NZ Climate target shows disdain for people’s health Wednesday, 8 July 2015

Yesterday's Government announcement of New Zealand's post-2020 climate target is a shocking failure to act to reduce health damaging greenhouse gas emissions, says OraTaiao: The NZ Climate and Health Council.

'This shameful response reneges on the government's fundamental role to protect the wellbeing of New Zealanders, as well as our responsibilities in the Pacific', says Dr Alex Macmillan, the Council's co-convenor. 'Instead of healthy climate action, this smoke-and-mirrors target of 30% reductions on 2005 levels by 2030 continues NZ's race to become the world's highest per person emitter. The Government has tried to disguise its climate failure by repackaging the same weak targets using different numbers.'

'It's hard to understand why our Government is still in climate denial when recent extreme weather events are already showing us the start of climate change impacts on livelihoods and health', continues Dr Macmillan. 'Yet at the same time, New Zealanders are clearly calling for ambitious targets to get us to a healthy low carbon future.'

'Hiding our heads in the sand is no longer an option', says Dr Macmillan. 'Just a fortnight ago, global health leaders inThe Lancetwarned that weak targets like ours threatens to undo the last fifty years of health improvement. They also showed how well-designed policies are a golden opportunity for better health.'

'New Zealanders clearly understand this: 99% of over ten thousand climate target submitters called for at least a 40% reduction in greenhouse gas emissions by 2030, using 1990 as the baseline, or to eliminate carbon emissions altogether by 2050.'

Submissions were made representing the largest groups of doctors, nurses and public health practitioners by the NZ Medical Association, the NZ Nurses Organisation, the NZ College of Public Health Medicine, Public Health Association, Pacific public health professionals, the University of Otago's Department of Preventive and Social Medicine, and OraTaiao. 'These submissions were highly consistent in urging much more ambitious targets to protect health, as well as for health to be counted in assessments of the costs and benefits of action. These professional bodies have been completely ignored', says Dr Macmillan. 'These health submissions described feasible, affordable policies to achieve targets that would also mean real measurable benefits for health and fairness, addressing major societal issues like obesity, road traffic injury, air pollution and poor quality housing.'

The Council contends that changing baselines and rules will not hide from the world New Zealand's failure to act. 'Instead of using our powerful position on the international stage to push for health-protecting action, New Zealand's actions will undermine global agreement and we will increasingly be seen as a climate pariah.'

'The irony is that our country has all the resources to create a healthy future as the world moves towards zero carbon emissions. The Government's responsibility now is real climate action for the security, health and wellbeing of New Zealanders', concludes Dr Macmillan.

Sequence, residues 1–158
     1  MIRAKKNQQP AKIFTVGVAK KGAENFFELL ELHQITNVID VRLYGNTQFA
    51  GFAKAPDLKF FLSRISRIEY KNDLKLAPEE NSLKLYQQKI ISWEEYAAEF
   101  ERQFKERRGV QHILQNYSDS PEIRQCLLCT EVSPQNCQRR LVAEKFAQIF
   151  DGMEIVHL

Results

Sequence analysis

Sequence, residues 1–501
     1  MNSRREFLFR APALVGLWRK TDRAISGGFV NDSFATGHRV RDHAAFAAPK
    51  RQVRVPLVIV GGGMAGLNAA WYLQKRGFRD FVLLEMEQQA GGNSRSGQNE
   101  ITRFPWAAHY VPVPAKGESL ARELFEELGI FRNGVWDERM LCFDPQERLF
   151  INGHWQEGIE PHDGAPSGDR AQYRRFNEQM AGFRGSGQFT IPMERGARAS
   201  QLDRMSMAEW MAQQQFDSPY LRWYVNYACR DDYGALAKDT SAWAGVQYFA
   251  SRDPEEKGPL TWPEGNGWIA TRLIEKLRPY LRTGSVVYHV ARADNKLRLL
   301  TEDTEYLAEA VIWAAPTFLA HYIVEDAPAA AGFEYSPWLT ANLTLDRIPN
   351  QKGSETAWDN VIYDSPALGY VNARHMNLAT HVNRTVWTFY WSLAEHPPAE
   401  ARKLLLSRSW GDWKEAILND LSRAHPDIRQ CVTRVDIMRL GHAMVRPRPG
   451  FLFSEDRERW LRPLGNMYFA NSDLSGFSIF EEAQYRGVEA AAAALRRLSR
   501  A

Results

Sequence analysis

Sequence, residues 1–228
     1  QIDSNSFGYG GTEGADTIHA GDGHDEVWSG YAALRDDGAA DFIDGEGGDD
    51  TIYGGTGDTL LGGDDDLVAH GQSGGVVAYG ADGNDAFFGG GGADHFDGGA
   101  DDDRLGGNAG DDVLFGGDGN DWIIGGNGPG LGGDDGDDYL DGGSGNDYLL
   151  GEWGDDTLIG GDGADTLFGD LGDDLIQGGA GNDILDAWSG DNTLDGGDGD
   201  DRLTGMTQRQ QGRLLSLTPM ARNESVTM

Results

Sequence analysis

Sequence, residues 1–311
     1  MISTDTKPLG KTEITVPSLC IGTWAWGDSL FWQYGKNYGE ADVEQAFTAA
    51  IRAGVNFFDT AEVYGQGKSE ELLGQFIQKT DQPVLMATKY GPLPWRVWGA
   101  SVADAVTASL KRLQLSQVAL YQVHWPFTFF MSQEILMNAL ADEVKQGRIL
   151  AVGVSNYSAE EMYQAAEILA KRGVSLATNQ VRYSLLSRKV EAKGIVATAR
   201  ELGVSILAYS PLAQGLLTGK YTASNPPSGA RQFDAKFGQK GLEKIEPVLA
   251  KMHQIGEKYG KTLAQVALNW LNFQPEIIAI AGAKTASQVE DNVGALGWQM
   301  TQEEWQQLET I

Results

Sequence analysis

Dr Alex Macmillan ( is a Public Health Physician and Senior Lecturer at the University of Otago and Co-Convenor of OraTaiao: The New Zealand Climate and Health Council.

OraTaiao: The New Zealand Climate and Health Councilare health professionals concerned with climate change as a serious public health threat. The Council also promotes the positive health gains that can be achieved through action to address climate change. See:

INDC submissionsby Health Organisationsincluded those of


Ministry for the Environment's summary of NZ's Climate Contribution consultation submissions is available here.

About Climate Change and Health

Information is available in the following paper from the 2014 NZ Medical Journal:

'Health and equity impacts of climate change in Aotearoa-New Zealand, and health gains from climate action'.

Health threats from climate changes include:worsening illness and injury from heat and other extreme weather, changing patterns of infection including food poisoning, loss of seafood and farming livelihoods, food price rises and mass migration from the Pacific. Those on low incomes, Māori, Pacific people, children and older people will be hit first and hardest, but nobody will be immune to the widespread health and social threats of unchecked climate change. Direct and indirect climate change impacts are already being seen here from warming oceans and sea level rise.

Health opportunities from reducing greenhouse gas emissions, easing pressure on health budgets include:rapidly phasing out coal; switching from car trips to more walking, cycling and public transport; healthier diets lower in red meat and dairy; and energy efficient, warm homes will all cut emissions while also reducing the diseases that kill New Zealanders most and put our children in hospital - cancer, heart disease, lung diseases and car crash injuries.